The Hidden Movement in Still Life Art

Although still life art traditionally depicts inanimate subjects for the purpose of admiration, observation and, for some, even meditation around the subject matter of the work, there are many examples where hidden movement is also suggested in the piece. This is generally conjured by the artist through the implied backdrop of a momentary time-frame surrounding the picture.

When we look at a family photograph or holiday snaps they bring us instantly into the time and place that the pictures were taken. Photographs, because they are most often taken to capture those moments, do that by virtue of our memories, but there are examples of still life art that also achieve this in a more imaginative way. The artist behind them does so by adding hidden movement into the composition by suggestions within the objects themselves, which offer a story.


Frozen in Time

There are many artists who have used this technique, notably some famous names from the 19th century period.

Take, for example, two of Vincent Van Gogh’s works, ‘A Pair of Shoes’ and ‘The Chair’, painted in 1886 and 1888 respectively. This great 19th-century artist was a past master at recreating moments frozen in time and these two examples – though he actually painted quite a few shoes – demonstrate this technique perfectly.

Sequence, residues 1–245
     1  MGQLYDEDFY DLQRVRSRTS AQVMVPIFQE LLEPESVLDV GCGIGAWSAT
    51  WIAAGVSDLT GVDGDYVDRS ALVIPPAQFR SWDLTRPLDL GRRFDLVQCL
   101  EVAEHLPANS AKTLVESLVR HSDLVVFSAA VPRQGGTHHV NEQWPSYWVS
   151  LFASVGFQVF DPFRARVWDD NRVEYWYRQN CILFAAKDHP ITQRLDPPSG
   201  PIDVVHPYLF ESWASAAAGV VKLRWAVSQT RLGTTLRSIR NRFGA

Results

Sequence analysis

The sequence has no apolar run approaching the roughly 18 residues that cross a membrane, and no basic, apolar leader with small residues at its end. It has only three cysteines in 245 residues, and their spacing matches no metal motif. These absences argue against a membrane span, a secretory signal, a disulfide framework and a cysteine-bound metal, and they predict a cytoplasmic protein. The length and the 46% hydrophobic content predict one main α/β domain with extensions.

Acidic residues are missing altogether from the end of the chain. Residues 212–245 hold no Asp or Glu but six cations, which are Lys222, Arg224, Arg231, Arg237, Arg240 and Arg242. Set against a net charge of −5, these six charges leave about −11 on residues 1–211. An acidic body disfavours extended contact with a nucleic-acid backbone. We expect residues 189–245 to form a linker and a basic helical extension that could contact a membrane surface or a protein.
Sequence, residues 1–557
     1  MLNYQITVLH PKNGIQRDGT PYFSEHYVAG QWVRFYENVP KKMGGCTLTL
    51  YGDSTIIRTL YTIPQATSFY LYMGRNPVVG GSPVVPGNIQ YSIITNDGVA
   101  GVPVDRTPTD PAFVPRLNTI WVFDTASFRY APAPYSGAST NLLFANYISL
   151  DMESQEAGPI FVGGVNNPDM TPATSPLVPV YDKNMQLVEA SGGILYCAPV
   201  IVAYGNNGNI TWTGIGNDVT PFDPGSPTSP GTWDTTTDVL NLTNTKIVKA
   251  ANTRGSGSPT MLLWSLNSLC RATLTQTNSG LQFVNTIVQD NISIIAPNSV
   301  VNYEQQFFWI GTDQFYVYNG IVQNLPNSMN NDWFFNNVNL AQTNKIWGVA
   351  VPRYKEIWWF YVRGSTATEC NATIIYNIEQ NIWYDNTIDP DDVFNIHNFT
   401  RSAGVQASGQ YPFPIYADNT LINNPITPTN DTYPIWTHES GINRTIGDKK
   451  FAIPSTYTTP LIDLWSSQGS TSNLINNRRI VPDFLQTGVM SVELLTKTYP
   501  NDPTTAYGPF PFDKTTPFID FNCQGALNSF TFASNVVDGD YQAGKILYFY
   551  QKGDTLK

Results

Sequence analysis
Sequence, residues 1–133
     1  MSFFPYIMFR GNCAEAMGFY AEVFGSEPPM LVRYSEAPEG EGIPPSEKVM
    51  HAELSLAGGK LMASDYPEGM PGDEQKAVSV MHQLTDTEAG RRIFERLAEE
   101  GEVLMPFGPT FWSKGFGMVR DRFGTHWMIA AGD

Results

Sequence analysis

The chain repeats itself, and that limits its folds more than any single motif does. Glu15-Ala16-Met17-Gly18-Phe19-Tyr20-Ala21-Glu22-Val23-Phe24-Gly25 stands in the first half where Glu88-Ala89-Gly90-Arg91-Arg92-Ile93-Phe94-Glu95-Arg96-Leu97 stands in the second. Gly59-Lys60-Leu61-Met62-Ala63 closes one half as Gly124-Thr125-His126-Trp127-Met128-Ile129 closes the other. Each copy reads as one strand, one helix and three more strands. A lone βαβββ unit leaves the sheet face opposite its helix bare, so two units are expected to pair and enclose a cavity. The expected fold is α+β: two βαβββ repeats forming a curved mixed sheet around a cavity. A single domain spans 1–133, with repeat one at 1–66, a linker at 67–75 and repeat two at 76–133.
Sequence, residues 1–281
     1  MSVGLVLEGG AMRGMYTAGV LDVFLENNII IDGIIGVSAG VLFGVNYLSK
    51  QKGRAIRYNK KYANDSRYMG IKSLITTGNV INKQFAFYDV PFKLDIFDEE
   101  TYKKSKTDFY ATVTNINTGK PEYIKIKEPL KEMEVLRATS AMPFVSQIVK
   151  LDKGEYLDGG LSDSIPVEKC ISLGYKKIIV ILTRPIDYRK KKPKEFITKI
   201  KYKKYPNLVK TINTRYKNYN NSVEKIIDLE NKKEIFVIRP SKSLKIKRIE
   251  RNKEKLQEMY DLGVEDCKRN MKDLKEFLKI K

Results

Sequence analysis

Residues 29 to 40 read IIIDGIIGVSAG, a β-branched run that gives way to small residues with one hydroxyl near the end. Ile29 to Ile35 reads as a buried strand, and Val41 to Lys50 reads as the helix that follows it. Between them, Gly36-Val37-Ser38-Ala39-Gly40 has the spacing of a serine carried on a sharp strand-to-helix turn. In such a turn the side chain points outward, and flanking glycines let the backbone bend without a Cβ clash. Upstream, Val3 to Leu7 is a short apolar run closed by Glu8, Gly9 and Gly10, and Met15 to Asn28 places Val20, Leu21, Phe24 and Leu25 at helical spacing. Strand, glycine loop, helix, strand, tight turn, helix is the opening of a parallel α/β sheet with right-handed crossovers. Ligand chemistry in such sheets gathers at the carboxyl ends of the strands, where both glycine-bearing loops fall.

Resting on ‘The Chair’ is a pipe and tobacco pouch. What we might also see beyond these inanimate objects is the person to whom they may belong. In what immediate activity they are engaged depends entirely on our imagination, but the presence of someone perhaps looking around, having absentmindedly placed these items on the chair a few moments earlier is one possible example. There are many others.


Imagined Moments

Similarly, as we look at ‘A Pair Of Shoes’, it is hard not to bring to mind a long trek over rough terrain that preceded the shoes being taken off and perhaps a soothing basin of water, in which the wearer’s feet are currently immersed.

This does not in any way diminish the value of the paintings as fine examples of the objects in themselves, but offers us the added possibility of catching an imagined moment in the time and place that initially inspired the artist to paint the picture.

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